In many cases, the decision to sell a stock should go back to why you bought it.
“Know what you own and why you own it,” says Deborah Ellis, a Los Angeles certified financial planner. The reasons can vary: You bought a stock for its dividend payments, or its high-growth prospects or as a speculative bet. In any event, if the stock no longer fulfills its purpose in your portfolio, “it’s time to sell,” says Ellis.
The pros have a similar approach.
Stock fund managers typically build a case for every stock in their portfolio. It’s often tied to a catalyst that will drive earnings growth, such as a new product or a company reorganization. If the catalyst fails to pan out, they sell.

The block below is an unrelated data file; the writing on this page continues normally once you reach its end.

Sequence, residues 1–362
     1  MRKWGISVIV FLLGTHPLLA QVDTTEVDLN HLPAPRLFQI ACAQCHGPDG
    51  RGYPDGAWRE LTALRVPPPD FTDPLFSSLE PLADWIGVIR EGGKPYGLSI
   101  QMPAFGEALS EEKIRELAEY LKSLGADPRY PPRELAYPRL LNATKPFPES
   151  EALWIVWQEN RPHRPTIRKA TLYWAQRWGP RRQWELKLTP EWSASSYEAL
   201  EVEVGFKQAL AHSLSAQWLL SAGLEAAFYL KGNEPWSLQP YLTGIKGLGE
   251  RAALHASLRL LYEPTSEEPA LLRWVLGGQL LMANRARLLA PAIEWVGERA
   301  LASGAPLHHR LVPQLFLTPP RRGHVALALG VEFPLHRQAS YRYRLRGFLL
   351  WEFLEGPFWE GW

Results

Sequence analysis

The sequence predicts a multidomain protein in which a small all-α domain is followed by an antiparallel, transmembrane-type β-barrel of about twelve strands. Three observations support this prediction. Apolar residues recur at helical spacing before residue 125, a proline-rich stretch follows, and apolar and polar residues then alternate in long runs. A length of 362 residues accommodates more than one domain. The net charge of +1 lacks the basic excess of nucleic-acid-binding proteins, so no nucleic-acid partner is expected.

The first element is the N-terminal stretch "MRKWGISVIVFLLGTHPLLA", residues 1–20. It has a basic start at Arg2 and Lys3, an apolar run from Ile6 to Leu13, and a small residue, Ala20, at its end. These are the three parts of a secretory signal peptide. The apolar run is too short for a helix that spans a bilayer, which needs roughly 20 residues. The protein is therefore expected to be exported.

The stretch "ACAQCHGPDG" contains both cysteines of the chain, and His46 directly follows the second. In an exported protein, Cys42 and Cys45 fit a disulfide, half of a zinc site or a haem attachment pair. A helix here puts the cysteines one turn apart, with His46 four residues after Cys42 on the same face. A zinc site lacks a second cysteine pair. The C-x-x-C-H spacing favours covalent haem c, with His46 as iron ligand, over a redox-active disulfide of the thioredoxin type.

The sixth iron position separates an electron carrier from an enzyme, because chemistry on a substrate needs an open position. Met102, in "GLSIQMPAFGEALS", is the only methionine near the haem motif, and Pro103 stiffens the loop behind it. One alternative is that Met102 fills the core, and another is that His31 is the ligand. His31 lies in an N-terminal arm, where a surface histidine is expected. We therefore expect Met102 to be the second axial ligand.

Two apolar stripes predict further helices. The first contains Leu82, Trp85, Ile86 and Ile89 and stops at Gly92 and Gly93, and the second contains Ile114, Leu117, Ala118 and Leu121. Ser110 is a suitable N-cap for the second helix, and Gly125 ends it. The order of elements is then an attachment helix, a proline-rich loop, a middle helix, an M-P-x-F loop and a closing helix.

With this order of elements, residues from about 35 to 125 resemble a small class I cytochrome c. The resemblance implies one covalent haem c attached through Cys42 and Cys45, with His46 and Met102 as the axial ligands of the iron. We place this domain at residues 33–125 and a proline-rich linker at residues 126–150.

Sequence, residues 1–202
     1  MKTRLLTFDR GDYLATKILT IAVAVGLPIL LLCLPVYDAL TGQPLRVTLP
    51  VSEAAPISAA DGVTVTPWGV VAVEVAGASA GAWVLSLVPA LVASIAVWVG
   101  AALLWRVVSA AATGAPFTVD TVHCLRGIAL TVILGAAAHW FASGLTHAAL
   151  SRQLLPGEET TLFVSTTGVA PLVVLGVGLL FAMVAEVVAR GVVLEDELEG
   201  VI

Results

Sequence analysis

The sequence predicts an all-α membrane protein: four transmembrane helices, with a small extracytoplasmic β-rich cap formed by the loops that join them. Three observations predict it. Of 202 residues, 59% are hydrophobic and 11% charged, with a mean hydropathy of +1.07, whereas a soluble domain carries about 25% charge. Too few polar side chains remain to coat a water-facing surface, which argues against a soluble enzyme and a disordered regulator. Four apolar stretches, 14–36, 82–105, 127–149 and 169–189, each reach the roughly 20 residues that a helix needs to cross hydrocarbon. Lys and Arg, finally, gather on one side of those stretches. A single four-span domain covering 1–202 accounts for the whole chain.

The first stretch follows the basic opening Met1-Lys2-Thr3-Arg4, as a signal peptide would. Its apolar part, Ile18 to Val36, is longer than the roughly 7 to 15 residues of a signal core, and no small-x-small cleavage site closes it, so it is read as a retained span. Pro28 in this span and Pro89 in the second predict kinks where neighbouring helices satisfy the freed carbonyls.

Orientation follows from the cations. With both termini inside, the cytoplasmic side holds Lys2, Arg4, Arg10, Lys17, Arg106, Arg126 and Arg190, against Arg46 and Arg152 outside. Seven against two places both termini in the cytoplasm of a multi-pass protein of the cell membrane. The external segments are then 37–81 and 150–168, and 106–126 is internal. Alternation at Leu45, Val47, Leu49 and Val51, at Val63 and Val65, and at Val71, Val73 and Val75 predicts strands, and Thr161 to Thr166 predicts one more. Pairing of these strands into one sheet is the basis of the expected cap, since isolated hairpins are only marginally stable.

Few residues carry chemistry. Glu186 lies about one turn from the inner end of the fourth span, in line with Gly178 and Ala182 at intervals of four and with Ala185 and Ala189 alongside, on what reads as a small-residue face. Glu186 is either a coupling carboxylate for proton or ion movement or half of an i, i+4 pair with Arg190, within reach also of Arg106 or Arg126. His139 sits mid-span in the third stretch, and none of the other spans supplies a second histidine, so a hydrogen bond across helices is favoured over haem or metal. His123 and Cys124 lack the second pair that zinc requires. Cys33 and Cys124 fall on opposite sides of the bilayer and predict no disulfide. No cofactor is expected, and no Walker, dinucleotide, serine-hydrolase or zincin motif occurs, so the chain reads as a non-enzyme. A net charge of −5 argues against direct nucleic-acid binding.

Says Eddie Yoon, manager of Fidelity Select Health Care fund, a member of the Kiplinger 25 list of our favorite no-load funds, “It’s straightforward for me. I thought a drug was going to work and it doesn’t. The stock falls a lot, and I sell.”